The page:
Colleges have had to be creative in the past, as they’ve sought to recognize the learning that takes place outside the classroom.  Now they’re doing it again with digital badges in education.

You see, for years, colleges have worked on ways to assign college credit to non-traditional learning.  One result of these efforts is that it’s now possible, in some cases, to earn college credit for military service as well as work/life experience.

Now, digital badges are being considered as one way to reflect those and even more aspects of learning (there is even talk about finding a way to translate digital badges into college credit, by the very same organization that brought us college credit for military experience and job training).

In a 2011 speech at the MacArthur Foundation Digital Media and Lifelong Learning Competition, U.S. Secretary of Education Arne Duncan said:

“Many of our veterans bring back employable – and even exceptional – skills, competencies and achievements, gained all over the globe. Yet these talents can be overlooked in the civilian workforce, because they may not appear on traditional resumes and transcripts.

Here, badges can be a game-changing strategy.”

-Former U.S. Secretary of Education Arne Duncan

In addition, a growing number of massive open online courses (MOOCs) allow students to earn college credits which may be applied to a degree.  Many of these offer digital badges, too, for partial completion.  That’s important because not everyone who starts a MOOC finishes.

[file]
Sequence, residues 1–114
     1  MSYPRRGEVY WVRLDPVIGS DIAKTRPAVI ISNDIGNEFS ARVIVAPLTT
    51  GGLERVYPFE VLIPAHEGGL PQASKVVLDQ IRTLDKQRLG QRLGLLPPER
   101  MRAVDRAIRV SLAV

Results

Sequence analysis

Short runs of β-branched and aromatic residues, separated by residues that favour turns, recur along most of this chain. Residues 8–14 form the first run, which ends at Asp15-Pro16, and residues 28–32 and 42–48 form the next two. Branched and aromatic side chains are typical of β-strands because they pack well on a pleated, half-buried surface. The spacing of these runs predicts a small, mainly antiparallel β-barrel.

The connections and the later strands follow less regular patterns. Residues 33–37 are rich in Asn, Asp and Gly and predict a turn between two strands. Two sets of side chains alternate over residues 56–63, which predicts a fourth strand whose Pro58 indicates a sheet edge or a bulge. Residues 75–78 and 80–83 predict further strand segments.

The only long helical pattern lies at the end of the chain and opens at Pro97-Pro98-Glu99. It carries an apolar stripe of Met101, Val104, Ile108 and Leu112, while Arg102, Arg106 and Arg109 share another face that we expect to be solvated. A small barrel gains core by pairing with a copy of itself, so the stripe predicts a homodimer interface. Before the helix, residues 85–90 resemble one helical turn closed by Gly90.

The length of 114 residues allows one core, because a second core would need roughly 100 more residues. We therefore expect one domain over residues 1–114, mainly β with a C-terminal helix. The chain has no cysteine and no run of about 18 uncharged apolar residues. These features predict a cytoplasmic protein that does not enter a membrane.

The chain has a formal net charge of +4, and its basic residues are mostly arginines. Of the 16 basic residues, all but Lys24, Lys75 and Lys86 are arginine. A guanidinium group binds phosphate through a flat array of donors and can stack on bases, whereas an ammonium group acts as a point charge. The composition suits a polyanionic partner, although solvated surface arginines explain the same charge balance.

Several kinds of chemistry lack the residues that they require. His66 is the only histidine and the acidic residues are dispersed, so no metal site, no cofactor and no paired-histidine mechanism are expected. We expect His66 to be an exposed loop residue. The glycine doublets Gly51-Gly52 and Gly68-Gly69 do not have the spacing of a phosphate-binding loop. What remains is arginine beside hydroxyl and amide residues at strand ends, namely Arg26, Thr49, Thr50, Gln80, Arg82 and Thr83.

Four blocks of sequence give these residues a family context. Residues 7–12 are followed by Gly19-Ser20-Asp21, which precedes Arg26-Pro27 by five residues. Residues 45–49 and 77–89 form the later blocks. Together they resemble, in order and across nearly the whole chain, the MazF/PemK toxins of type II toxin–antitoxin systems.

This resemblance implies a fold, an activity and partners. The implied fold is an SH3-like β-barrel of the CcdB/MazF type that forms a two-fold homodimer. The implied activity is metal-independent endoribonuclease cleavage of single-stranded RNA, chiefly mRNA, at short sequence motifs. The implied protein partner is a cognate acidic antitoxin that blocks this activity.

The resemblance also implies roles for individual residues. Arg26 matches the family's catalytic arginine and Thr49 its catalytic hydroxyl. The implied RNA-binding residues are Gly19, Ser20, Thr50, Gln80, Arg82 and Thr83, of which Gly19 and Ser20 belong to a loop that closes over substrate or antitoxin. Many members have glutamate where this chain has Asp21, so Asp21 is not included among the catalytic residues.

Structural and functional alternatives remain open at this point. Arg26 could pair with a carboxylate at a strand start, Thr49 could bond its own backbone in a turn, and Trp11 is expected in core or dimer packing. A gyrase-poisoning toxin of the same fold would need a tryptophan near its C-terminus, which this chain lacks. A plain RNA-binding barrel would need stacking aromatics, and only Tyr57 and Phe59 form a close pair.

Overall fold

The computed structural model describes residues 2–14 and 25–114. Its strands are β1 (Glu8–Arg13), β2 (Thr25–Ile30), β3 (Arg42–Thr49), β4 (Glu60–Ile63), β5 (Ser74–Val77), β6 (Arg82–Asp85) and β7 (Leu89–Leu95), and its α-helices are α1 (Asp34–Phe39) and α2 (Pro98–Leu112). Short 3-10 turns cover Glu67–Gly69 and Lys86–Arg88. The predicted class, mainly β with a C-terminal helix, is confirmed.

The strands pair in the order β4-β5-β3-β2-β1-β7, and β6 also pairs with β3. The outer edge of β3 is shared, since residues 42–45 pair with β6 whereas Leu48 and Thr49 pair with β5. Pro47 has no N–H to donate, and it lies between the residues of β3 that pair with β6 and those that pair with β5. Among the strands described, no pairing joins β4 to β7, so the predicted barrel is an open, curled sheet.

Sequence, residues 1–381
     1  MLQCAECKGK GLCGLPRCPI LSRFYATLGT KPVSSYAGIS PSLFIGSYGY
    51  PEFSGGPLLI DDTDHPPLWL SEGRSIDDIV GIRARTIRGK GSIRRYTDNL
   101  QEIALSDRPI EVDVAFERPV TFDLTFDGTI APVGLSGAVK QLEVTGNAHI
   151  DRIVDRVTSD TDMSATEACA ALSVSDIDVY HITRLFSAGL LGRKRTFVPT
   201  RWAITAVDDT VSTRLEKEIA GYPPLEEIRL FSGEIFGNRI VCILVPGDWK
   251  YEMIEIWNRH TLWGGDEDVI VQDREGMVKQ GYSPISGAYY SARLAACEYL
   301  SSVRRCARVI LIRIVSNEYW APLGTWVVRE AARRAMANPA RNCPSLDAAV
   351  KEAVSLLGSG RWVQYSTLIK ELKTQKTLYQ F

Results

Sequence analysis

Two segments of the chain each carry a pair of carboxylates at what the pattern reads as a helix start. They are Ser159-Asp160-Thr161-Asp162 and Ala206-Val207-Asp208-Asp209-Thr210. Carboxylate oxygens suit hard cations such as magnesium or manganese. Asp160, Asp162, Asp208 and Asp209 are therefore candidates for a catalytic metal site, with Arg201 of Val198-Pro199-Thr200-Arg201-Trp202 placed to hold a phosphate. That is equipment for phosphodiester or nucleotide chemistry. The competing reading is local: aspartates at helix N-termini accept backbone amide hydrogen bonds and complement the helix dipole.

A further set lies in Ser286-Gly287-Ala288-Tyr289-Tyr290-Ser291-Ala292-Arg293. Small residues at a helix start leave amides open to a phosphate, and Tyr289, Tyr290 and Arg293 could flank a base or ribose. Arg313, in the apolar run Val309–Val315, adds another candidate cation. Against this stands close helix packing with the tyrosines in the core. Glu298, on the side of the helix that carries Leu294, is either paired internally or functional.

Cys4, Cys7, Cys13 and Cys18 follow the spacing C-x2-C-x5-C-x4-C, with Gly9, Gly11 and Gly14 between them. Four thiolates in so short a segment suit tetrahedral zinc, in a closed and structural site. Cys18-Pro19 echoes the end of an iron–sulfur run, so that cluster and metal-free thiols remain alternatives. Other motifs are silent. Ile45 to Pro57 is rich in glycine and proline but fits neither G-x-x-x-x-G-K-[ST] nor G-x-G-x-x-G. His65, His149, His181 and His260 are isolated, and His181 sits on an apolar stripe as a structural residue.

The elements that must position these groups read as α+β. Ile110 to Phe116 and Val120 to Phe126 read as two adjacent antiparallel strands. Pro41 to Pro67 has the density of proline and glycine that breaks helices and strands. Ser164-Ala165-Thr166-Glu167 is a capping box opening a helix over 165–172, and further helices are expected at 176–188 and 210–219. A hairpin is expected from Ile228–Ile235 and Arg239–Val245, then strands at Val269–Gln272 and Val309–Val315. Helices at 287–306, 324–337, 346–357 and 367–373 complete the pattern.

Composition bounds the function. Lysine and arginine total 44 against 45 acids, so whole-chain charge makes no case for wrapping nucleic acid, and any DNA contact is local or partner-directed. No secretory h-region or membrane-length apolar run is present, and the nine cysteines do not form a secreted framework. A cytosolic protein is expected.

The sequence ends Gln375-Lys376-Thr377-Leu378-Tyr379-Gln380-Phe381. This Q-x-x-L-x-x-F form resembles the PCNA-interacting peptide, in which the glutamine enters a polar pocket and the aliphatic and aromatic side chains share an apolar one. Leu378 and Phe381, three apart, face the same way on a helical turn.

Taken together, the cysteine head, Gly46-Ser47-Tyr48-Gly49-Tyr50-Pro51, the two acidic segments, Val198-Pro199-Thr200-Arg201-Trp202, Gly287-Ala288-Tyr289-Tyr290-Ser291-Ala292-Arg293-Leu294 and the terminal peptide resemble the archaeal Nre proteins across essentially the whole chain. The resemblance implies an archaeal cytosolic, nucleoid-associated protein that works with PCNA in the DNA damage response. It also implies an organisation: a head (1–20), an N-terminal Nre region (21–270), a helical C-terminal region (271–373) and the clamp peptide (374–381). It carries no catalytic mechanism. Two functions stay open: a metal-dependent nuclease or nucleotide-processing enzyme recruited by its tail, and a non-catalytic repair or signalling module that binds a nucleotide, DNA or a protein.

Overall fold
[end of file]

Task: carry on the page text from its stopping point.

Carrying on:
Finally, as many instructors’ grading systems have become more “holistic”, the need for evidence of progress in specific skills and milestones has grown sharper.  Digital badges in education, in other words, could not have come at a better time.

What Digital Badges Can Do for Job Seekers

Badges are a way to recognize learning, not grades.  Yes, recruiters want a holistic picture of a job applicant, but they also want tangible evidence of skills and milestones.

A student may have earned a degree in business, but does she have what it takes to succeed?  An internship on the resume is nice, but a digital badge measuring the specifics of her actual “fieldwork” in the industry speakers louder.

Digital badges in education allow students to tell richer story with their job applications.  When you can show competency in hard skills that employers look for, and it’s portrayed alongside a media-rich display of the details of your badge, that’s a good story to be able to tell.

A Final Word

Digital badges in education are a way for students to show future employers all the ways they’ve learned and the diverse ways in which they’ve prepared themselves for the job market.  Students get to show more of their achievements than what’s measured by traditional assessment systems, and in the end… that’s always a good thing!

Our academic team will be pleased to help you identify colleges that are now giving students an opportunity to earn digital badges.  Ready to learn more?  Click here to schedule a complimentary consultation.

Jack Schacht has over 40 years in marketing, management, career development and business leadership. As president of College Funding Advisors and co-founder of My College Planning Team, he brings his unique talents to help families identify and implement strategies that can help them substantially reduce college costs.

Back To Top